What would it be like in Oklahoma City if a gallon of gasoline cost $10 or even $20?
That’s a question some people will see as alarmist or fraught with political overtones. But the reality is the cost of driving our cars is rising incrementally and there’s no good reason to think that will change. Countries like China and India are increasing their overall oil use, the world population continues to grow and some believe peak oil-the point at which supplies only decline-is fast approaching.
So the simple answer to the question is this: Oklahoma City, with its 621-square miles of urban sprawl, would be devastated. As we all know, the vast majority of city and metropolitan residents are dependent on the automobile in their daily lives. If it costs, say, $50 a day or more, to get to work in a car, then that changes how the city, most importantly its public transportation system, would function at several different levels. Are we planning appropriately here?
Well, at least we’ve begun a discussion about the issue. On Tuesday evening, Oklahoma City Councilman Ed Shadid hosted a meeting about the impact of sprawl in the city. Shadid and several department heads in Oklahoma City government spoke about the issue in front of an overflowing crowd of 500 to 600 people at the Marriot Hotel on Northwest Expressway.
Shadid, who represents Ward 2, gave a thorough overview of the issue as he discussed the impact of sprawl on housing development and the city’s overall public health. When builders, through home owner demand, push housing development to the outskirts of our large city, it creates the need for services, from road maintenance to fire protection, he noted. In addition, many residents in these subdivisions and even elsewhere in the city are essentially automobile-dependent for all aspects of their lives, from going to work or school to shopping, Shadid said.
This is fine, on one level, as long as we have cheap gasoline, but how long will that last? What if there was a major oil supply disruption? What about just gradual oil price increases through the years? Pollution is also a problem.
Shadid also pointed out that sprawl, cheap gasoline or not, directly impacts the public health, and he pointed out the often-cited, dire Oklahoma City statistics, which show a high obesity rate. Part of the solution, he suggested, would be to “program” walking into our routine lives, but that can only be done with better planning and more sidewalks and trails throughout the city.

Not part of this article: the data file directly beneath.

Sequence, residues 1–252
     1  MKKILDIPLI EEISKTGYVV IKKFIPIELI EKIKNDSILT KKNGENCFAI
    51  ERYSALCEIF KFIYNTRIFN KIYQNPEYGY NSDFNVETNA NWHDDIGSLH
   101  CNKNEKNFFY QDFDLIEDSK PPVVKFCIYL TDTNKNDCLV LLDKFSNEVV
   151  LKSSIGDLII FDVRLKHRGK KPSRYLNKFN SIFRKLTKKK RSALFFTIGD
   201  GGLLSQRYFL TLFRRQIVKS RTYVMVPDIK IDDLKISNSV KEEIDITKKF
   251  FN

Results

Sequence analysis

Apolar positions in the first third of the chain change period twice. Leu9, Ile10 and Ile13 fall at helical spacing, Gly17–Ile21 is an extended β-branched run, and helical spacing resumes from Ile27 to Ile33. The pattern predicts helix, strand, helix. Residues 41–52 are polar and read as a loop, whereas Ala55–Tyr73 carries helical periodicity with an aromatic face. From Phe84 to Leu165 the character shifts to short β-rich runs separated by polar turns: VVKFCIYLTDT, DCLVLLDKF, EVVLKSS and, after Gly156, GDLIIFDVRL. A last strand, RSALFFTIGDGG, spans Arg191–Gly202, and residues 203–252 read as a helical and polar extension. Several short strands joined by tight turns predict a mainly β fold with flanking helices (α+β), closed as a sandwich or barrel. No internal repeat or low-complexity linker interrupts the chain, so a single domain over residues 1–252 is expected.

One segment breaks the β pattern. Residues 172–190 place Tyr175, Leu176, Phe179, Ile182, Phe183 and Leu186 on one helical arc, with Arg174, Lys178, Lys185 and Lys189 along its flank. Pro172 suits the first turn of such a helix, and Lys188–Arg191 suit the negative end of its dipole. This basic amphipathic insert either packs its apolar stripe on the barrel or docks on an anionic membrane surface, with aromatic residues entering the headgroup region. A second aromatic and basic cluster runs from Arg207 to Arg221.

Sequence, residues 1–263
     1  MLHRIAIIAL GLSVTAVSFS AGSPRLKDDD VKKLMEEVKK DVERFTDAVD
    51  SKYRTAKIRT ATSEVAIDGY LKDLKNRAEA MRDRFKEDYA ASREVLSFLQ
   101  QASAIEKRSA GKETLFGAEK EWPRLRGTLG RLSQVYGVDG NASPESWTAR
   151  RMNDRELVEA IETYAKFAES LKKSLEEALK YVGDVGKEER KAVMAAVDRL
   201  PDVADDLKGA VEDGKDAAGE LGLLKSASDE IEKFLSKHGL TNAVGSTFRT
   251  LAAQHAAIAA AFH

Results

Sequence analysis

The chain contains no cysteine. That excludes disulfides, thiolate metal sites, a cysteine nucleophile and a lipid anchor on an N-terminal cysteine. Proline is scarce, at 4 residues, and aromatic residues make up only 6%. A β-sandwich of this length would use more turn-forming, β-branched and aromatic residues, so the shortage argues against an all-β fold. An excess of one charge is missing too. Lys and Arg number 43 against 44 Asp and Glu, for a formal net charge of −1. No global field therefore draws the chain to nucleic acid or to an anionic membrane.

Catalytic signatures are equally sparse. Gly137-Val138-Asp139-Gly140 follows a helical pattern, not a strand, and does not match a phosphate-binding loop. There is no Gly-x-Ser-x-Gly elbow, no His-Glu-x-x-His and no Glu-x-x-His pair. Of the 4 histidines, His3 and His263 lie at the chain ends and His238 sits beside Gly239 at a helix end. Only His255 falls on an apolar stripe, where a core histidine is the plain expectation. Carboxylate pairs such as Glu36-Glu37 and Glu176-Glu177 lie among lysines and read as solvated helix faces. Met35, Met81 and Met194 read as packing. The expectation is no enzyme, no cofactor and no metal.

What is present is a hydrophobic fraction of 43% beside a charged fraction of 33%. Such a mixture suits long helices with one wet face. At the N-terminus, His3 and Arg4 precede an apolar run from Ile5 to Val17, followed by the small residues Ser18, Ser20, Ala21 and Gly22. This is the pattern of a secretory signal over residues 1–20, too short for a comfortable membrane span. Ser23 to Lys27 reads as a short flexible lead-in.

In other remarks, Oklahoma City Fire Chief Keith Bryant talked about new firehouses that have been built to keep up with development outside the central part of the city. Oklahoma City Manager Jim Couch gave an informative historical view of the city development, which including annexation growth in the 1950s and 1960s. Blair Humphreys, executive director of the Institute for Quality Communities, spoke about how sprawl here and elsewhere was essentially made possible by government policies through the years.
One thing I liked about the meeting is that no one was demonized. The issue, at this point, is not really whether sprawl is a good-versus-bad issue. There are proponents on both sides. For example, it’s obvious a lot of people here like to live in larger homes outside the main city core. What’s wrong with that? Nothing.
But given future predictions about energy and given the city’s poor health rankings, it’s urgent we consider sprawl as we plan for the future. One main component, which I’ve written about, is a thriving public transportation system that would include light rail. Transportation hubs would spark new development. Also, we need to designate iconic neighborhoods and city districts as we plan and renew or develop them for pedestrians. Let’s start there and then expand.
It’s encouraging to see city leaders consider the issue of sprawl, which is by far the most pressing issue when it comes to major planning in Oklahoma City. The size of the crowd indicates there’s a lot of citizen interest in the issue as well.